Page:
This is sort of a slice of life police procedural. I've always wondered how the Gotham City P.D. feel about Batman. I mean, I know there's tension theThis is sort of a slice of life police procedural. I've always wondered how the Gotham City P.D. feel about Batman. I mean, I know there's tension there, and it's been shown in the comics. But sometimes I wonder how a typical day, a typical case, is like for them. I wasn't disappointed by what I read. Gotham's finest are presented here as dedicated (or the ones that have appeared so far).
They try to deal with a city where they're ill-prepared to deal with someone like Mister Freeze, where they feel they want to take care of things, to be the one who brings these lunatics in, but in reality, they know that, sometimes, they're resigned to Batman's help. They want to serve and protect. They do serve and protect. They're not bumbling. They may not be on Batman's level, but they're not incapable. Despite Batman making many high profile busts, they still have small victories with "lesser" criminals and crimes, but feel eclipsed by Batman's deeds. And in their own way, they want to impress Batman just like Batman's little family does. They want to show him they're competent, and they want him to acknowledge the work they do. Batman can't be everywhere after all. They have such a thankless job. ...more
Full Disclosure: A review copy of this book was provided to me by Netgalley. All opinions are my own.
Following the events of the first book, the womenFull Disclosure: A review copy of this book was provided to me by Netgalley. All opinions are my own.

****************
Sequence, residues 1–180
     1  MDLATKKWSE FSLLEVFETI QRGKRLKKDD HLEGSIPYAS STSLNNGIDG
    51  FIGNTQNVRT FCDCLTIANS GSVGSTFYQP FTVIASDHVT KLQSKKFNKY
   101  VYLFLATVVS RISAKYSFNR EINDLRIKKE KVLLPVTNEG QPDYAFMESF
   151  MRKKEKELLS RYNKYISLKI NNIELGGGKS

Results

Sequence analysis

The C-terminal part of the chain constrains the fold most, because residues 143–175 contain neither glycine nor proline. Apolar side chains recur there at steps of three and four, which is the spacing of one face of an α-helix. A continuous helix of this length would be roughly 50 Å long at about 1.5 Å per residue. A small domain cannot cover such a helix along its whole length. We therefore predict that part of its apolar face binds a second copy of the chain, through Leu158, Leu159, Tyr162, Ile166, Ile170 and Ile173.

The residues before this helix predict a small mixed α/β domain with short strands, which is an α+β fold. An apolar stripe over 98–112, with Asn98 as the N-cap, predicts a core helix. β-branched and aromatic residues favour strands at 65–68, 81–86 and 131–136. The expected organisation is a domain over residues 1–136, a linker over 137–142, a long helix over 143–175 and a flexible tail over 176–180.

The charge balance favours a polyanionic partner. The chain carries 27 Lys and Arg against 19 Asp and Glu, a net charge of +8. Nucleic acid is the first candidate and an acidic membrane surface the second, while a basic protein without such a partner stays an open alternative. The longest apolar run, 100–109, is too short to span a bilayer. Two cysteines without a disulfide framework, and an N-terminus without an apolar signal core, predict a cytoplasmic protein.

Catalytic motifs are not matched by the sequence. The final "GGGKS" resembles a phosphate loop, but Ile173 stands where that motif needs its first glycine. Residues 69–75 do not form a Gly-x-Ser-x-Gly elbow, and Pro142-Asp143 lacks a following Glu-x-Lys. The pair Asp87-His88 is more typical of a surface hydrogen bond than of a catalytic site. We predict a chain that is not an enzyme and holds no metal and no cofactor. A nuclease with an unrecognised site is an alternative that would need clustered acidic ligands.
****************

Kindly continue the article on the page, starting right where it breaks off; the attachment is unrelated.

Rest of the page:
Following the events of the first book, the women are now seen as heroes and the overlords of Palisades would like to keep it that way through–what else–throwing large sums of money at them for their help. However, there is still a menace lurking in Palisade and Dee’s religious and personal life catches up to her in this latest volume as they once again find themselves being the good guys. First, let me say: T E N T A C L E S! YES!
This book delved a little more into the personal lives of the Queens, specifically Violet, Dee, and Hannah. I’m starting to think that Betty just fell from a happy pagan tree screaming, “Give me candy!” and there’s not a thing more to her than that (right now). I still love her, though. She’s double comedy relief, and I imagine her to be a female Ryback. FEED ME! FEED ME MORE! (Wrestling joke. Leave me alone, okay.)
Hannah’s story still left so much mystery to her character while being telling all at the same time. I really look forward to reading more about her, especially after she revealed a piece of herself that she never meant to because of the implications that doing so would mean something monumental in terms of that particular relationship, and she showed how vulnerable and scared doing so made her. There was just the right amount of telling and pulling back with Hannah.
I was really glad to know a little more about Dee’s religious background as well as her personal background. In the last book while everyone else was getting their freak on Dee shied away from any interest shown in her, and you sort of find out why that is in this book. She also struggles more with her faith and what she believes before deciding what’s truly right for her as far as her faith goes.